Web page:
Some years ago, I served as a youth minister. As I came to learn, working with children and adolescents can be quite the education. Young people demand that we get to the point quickly, and that we make the message accessible and authentic.
But what I most remember about my youth ministry days was how effective young people are at teaching. And by teaching, I mean teaching me.
If I recall correctly, we were sprawled out in a circle on the floor of the youth room when I shared the old familiar story about Hannah’s son Samuel and how he became Israel’s prophet par excellence.
“What does God want us to learn from this story,” I asked the youth.
A middle-schooler perked up, “You mean besides the fact that we should have more lock-ins? Didn’t you say something about this kid sleeping in the sanctuary of God?”
I sighed. “Yes, besides the fact that we should have more lock-ins. What is God trying to tell us in this story?”
A skeptical teenage girl caught me off guard with her observation.
“Let me get this straight,” she said. “Hannah gave her son to God?”
“Yes. She dedicated her son, Samuel, to God.”
“My parents haven’t dedicated me to anything,” she said soberly.
After a few moments of silence, a high school guy spoke up and said, “I think it’s cool that Samuel had someone to go to when he had a question—when he didn’t know what was going on.”
A few others nodded in quiet agreement.
A high school senior then spoke up with a question that sounded much more like a statement. “It was the priest, Eli, that taught him how to listen for God’s voice, wasn’t it?”
“Yes, it was,” I confirmed. “He taught Samuel how to hear God’s voice and then instructed him to respond to God by saying, “Speak Lord, for your servant is listening.”
The senior held my gaze for a moment, and then said simply, “Yea. I like that.”
“I do, too,” I said. “I do, too.”
This past Sunday our youth led us in worship. Just as it was true during Samuel’s time, God has something to say to us today. Under the leadership of Carol Cloer, our youth have been listening for God’s voice these last weeks in Sunday School and on Wednesday evenings. Their leadership on Sunday helped reveal that God was speaking to us through them.
“Speak, Lord, for your servant is listening.”
Are we? Can we say with confidence that we are listening for God’s Word? The story about Samuel and Eli opens with the revelation that, “The word of the Lord was rare in those days; visions were not widespread.” I don’t believe for one moment that this is a reflection of God’s absence but is rather an indictment on His people. Apparently, they had a hearing problem.
And God had something to say to them about it. If memory serves correctly, God took Eli’s sons to task for their evil ways.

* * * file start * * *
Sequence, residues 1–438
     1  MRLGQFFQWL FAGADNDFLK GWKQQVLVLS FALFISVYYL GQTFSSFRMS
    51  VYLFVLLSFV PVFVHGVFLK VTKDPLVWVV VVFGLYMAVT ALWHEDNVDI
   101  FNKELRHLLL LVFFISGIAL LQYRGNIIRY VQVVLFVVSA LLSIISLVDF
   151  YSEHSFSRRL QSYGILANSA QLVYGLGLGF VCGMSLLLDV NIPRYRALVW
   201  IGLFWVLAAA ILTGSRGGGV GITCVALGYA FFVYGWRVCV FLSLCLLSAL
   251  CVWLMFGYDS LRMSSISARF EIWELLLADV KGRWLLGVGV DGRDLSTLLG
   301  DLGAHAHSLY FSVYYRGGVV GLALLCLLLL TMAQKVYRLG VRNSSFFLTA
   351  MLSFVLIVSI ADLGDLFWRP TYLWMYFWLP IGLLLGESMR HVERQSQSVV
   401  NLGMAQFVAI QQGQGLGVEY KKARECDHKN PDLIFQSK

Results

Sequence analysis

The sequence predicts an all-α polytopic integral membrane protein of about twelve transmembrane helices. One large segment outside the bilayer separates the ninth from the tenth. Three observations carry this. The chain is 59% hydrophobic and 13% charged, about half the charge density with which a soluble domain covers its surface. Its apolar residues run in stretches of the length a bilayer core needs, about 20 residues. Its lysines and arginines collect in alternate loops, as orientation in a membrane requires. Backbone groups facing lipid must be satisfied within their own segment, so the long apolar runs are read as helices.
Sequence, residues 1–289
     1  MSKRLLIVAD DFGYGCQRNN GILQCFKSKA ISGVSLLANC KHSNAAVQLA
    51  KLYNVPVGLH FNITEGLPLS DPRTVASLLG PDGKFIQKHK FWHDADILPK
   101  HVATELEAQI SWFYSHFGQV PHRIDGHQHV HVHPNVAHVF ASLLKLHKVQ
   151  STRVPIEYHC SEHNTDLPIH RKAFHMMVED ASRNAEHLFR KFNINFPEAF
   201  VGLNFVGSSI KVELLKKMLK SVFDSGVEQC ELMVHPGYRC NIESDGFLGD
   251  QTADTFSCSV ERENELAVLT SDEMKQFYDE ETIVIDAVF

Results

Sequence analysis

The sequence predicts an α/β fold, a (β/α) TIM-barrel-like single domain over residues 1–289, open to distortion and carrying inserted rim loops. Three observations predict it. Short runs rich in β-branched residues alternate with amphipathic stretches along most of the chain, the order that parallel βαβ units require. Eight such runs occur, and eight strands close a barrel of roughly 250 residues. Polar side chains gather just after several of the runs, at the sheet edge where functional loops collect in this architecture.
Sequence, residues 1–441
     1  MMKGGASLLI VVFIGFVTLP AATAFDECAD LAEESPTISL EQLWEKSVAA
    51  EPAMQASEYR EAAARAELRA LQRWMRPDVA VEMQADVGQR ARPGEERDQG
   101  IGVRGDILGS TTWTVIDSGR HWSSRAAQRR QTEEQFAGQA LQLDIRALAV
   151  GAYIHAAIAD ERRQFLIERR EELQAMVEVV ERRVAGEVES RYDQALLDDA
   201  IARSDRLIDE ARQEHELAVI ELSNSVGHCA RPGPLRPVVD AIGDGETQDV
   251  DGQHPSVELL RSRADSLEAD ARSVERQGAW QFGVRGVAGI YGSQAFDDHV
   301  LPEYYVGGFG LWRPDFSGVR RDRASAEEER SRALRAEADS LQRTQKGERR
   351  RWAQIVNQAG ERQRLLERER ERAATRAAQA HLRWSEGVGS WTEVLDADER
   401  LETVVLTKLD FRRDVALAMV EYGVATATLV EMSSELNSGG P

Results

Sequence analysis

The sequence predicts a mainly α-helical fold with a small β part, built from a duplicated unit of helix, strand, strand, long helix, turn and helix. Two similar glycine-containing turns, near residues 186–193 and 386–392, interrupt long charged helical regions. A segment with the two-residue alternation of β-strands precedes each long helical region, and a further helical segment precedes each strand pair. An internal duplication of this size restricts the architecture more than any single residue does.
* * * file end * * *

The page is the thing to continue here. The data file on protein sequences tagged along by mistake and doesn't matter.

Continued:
God has something to say to us, and I for one am grateful that He frequently speaks through the youngest among us. I pray that we will be receptive to the message that he sends us through our youth.
There are ways that we can be like Eli and help shape the faith of our young people. True, our church has employed college students and young people to help teach the faith to dozens of children in our community in After School and in our upcoming summer camp. Yes, both Carol and I will be teaching these Bible stories to the children throughout the weeks they are in camp, but more needs to be done to equip our children to recognize God’s voice and to respond to His invitation to follow Jesus.
And this is where our entire church can be like Eli.
This summer, I would like to challenge you to play a role in the mission and ministry that we will offer to our community. There are three levels of engagement that you can choose from:
1.) Invite your Sunday School class, Circle, or gang of ramp builders to adopt a class of summer camp kids. Ask Kelly how your group of friends can support and encourage these children and their families.
2.) Tell Kelly that you’re able to commit to volunteering during the Bible story time, or during art or recreation. Learn the children’s names. Take a moment to piggyback on the lesson that Carol and I teach each day. Tell the college student staff member that you’d like to share your testimony with the class one day.
3.) Arrange to visit and hang out at the conclusion of the day when parents linger for a few minutes of conversation while their kids take their last crack at the tire swing. Introduce yourself. Tell them how glad you are that they are a part of our community and our church’s summer ministry. Go further and make the connection between that parent and the child you helped to paint earlier in the day. Tell that parent how you heard their child make such an astute observation during the Bible story time. Share with that parent how their child taught you about God’s love.
For years, churches would take mission trips where we would round up children in Backyard Bible Schools to teach them about Jesus. Hear the Good News, brothers and sisters! The children that we used to have to go and find are coming to us!
To put it simply, the story means that it’s our turn to be Eli. It’s our turn to teach children and youth how to recognize God’s voice and to respond to his Word.
It’s summer, y’all. And because of God’s rich blessings, our community will be coming to us. They will be worshipping in our Mission and Fellowship Center. They will be learning Bible Stories in our sanctuary. They will be building relationships in our church’s classrooms. In truth, they will be spending more time in our church than we will.
It certainly would be a shame for God to speak through these children and we’re not at church to hear it.
Don’t just pick one option on engagement, First Baptist. Pick all three.